10 reads for July
THE MESSIAH VIRUS
By Meihan Boey
Math Paper Press/ Paperback/ 102 pages/ $19 before GST/ Books Kinokuniya and BooksActually
Boey, known mostly for her work in comics, turns her pen to space opera with this novella set in a colonised universe run by the Empress, the operating system of a vast civilisation.
When the Empress is disabled by a virus called the Messiah, a little girl with psionic powers recruits a famous courtesan, a cyborg karung guni trader and an insane engineer to help her save humanity.
SIGNS OF LIFE
By O Thiam Chin
Math Paper Press/ Paperback/ 176 pages/ $19 before GST/ Books Kinokuniya and BooksActually
In O’s sixth collection of 12 short stories, a mysterious force terrorises schoolgirls at a campfire; a couple try to conceive in a post-apocalyptic world; and actors in a horror movie discover the special effects are less fake than they seem.
THE LIGHTS THAT FIND US
By Anittha Thanabalan
Epigram Books/ Paperback/ 194 pages/$18.90 before GST/Major bookstores, Huggs-Epigram Coffee Bookshop and epigrambooks.sg
This debut novel, which was shortlisted for the Epigram Books Fiction Prize, puts a Singapore twist on Charles Dickens’ A Christmas Carol.
Shreya made a mistake at Deepavali two years ago that tore her family apart. During this year’s celebrations, she is visited by three celestial beings who want to help her right her wrongs.
BENG BENG REVOLUTION
By Lu Huiyi
Epigram Books/ Paperback/ 218 pages/ $18.90 before GST/ Major bookstores, Huggs-Epigram Coffee Bookshop and epigrambooks.sg
Another finalist for the Epigram Books Fiction Prize, Lu’s dystopian debut is set in a steampunk Singapore where oil and gas have run out and bureaucratic red tape tangles with post-apocalyptic violence.
Brothers Beng Hock and Beng Huat – who would really prefer to be called Archibald – are trying to get by in a crumbling shanty-town behind what used to be City Hall MRT station, while Beng Hock discovers a power growing inside him and struggles to control it.
INTERPRETER OF WINDS
By Fairoz Ahmad
Ethos Books/ Paperback/ 104 pages/ $10 before GST/ Books Kinokuniya, Huggs-Epigram Coffee Bookshop and Wardah Books
The fourth book in Ethos’ Orbit series of slender reads is a quartet of magic-touched stories, from the dream-like title tale in which a dog who desires to be Muslim converses with a camel who pursues errant words in the desert, to the story of a witch’s murder in Dutch-occupied Java.
MR KIASU IN SINGAPORE HISTORY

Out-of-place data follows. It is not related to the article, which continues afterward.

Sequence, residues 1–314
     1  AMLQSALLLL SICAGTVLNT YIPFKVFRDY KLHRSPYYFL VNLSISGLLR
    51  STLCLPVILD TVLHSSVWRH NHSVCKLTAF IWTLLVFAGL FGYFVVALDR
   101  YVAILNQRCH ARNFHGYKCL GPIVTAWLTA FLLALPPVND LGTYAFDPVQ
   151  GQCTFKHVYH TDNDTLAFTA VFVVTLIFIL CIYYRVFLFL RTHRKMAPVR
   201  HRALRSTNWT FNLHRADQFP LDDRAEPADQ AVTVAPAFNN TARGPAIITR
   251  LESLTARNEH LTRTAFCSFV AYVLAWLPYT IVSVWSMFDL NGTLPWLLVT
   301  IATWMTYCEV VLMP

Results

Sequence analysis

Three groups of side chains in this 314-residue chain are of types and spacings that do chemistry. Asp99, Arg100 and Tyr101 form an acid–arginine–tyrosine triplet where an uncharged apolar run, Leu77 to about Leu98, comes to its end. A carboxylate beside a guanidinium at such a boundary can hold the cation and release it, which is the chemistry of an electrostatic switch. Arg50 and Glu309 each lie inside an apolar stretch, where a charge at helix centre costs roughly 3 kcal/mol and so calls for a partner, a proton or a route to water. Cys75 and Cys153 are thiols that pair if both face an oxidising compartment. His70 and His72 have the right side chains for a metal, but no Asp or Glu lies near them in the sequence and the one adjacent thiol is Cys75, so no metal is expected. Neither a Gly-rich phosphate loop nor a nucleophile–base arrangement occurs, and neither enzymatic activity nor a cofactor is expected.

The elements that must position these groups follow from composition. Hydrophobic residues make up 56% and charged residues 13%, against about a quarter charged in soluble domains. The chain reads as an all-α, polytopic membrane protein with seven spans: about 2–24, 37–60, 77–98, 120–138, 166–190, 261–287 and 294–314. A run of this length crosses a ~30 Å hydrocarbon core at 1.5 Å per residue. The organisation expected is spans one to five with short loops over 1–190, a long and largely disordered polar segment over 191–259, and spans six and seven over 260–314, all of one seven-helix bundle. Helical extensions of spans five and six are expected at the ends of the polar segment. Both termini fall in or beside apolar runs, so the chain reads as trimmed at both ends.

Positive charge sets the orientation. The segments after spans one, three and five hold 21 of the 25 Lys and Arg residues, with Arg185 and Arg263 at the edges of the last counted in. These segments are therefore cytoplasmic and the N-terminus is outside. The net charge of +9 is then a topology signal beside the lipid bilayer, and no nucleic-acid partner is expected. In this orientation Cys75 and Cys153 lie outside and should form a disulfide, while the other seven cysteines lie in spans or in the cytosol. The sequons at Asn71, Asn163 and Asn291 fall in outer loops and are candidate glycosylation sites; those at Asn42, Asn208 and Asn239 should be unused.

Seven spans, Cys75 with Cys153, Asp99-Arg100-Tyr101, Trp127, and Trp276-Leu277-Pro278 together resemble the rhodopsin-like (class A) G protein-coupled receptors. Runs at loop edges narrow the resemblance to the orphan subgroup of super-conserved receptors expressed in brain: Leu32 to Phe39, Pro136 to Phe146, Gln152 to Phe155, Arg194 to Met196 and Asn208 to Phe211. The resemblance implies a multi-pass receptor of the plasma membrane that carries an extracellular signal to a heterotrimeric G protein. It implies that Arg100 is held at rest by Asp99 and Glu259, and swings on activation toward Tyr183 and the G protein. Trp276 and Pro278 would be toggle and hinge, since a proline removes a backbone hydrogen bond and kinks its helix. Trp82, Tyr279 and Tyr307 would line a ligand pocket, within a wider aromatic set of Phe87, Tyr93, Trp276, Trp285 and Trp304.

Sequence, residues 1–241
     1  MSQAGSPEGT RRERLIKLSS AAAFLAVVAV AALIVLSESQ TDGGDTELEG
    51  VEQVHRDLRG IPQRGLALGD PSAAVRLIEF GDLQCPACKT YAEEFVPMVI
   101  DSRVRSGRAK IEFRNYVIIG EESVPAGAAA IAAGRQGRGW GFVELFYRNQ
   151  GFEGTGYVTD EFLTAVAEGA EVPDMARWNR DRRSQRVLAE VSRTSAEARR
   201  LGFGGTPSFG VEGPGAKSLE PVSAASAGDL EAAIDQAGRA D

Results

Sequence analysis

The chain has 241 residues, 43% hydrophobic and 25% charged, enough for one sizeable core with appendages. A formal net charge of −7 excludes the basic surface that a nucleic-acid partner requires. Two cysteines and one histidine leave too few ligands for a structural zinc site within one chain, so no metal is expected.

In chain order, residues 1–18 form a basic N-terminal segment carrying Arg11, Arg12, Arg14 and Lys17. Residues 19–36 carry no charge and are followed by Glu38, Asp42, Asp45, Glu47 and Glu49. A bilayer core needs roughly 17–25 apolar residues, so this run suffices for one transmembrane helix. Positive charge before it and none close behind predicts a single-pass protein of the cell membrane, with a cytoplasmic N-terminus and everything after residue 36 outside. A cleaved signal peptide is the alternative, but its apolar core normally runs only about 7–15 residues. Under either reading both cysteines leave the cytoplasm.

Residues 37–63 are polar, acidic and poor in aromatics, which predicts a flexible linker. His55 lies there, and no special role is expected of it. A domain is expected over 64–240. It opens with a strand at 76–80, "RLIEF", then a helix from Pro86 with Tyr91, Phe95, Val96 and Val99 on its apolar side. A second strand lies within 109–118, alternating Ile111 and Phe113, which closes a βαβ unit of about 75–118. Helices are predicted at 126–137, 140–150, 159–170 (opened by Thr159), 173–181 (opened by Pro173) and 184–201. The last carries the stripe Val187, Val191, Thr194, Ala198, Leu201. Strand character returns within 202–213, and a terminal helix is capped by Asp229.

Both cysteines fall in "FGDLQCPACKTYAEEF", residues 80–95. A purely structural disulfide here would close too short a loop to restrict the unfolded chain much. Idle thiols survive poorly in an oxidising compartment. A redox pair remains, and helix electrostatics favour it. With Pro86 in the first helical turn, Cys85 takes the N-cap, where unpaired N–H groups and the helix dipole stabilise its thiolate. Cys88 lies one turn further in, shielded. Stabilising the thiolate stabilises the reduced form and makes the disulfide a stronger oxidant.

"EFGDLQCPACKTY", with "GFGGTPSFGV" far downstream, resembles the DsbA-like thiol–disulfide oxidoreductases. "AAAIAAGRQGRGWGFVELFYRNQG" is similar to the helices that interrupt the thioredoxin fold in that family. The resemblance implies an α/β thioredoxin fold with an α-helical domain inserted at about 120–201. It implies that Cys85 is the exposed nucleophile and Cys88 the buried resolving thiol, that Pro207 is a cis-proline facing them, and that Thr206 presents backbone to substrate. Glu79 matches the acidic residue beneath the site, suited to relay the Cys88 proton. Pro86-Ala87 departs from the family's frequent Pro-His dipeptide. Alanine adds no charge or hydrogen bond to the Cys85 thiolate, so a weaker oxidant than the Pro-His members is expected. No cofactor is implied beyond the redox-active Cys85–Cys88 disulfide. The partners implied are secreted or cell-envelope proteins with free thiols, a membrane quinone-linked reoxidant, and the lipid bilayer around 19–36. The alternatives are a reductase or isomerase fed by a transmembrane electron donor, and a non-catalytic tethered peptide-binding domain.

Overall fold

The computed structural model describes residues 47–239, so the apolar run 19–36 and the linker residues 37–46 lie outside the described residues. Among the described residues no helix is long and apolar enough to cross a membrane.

By Johnny Lau
Shogakukan Asia/Paperback/ 128 pages/ $12.90/ Major bookstores
Mr Kiasu, the iconic home-grown cartoon character who is afraid to lose out, observes tumultuous events and meets characters from Singapore’s history, including Sir Stamford Raffles and Sang Nila Utama, in this anthology by Lau and eight artists.
FAMILY AND POPULATION IN ASIA
Edited by Wei Jun Jean Yeung and Tang Leng Leng
Focus Publishing/ Paperback/ 200 pages/ $16.05/Times, Books Kinokuniya and Union Book
This collection of 30 essays spans issues on children, marriage, fertility and gender, from how to age successfully to the role fathers play in a child’s upbringing. These are based on research by the National University of Singapore’s Centre for Family and Population Research associates. The book includes a foreword by Senior Minister Tharman Shanmugaratnam.
SEVEN HUNDRED YEARS: A HISTORY OF SINGAPORE
By Kwa Chong Guan, Derek Heng, Peter Borschberg and Tan Tai Yong
Paperback/ 314 pages/ $37.45/Major bookstores
This revamp of a 2009 book, A 700-Year History: From Early Emporium To World City, updates the earlier text for the Singapore Bicentennial. It is the only single volume to cover 700 years of Singapore history and represents 30 to 40 years of collective research.
National University of Singapore Associate Professor Borschberg joins the original trio of historians who authored the first edition.
By PN Balji
Marshall Cavendish/ Paperback/ 196 pages/$23/ Major bookstores and Huggs-Epigram Coffee Bookshop
Balji, a veteran journalist and editor who has worked at five newspapers, including The Straits Times, The New Paper (TNP) and Today, gives the inside scoop on his newsroom experiences and what went on behind the headlines.
He opens up on his time in tabloid journalism, brushes with the Government and the infamous “Toh Chin Chye Affair”, in which TNP erroneously reported that former deputy prime minister Toh Chin Chye had been arrested in connection with a hit-and-run accident.
THE STREAMING MEDIA GUIDE
By Michael D’Oliveiro
Routledge/ Hardback/ 152 pages/ $62.40/ Books Kinokuniya
Singapore-based media executive d’Oliveiro aims to demystify streaming media – such as Spotify, YouTube and Netflix – for business professionals.
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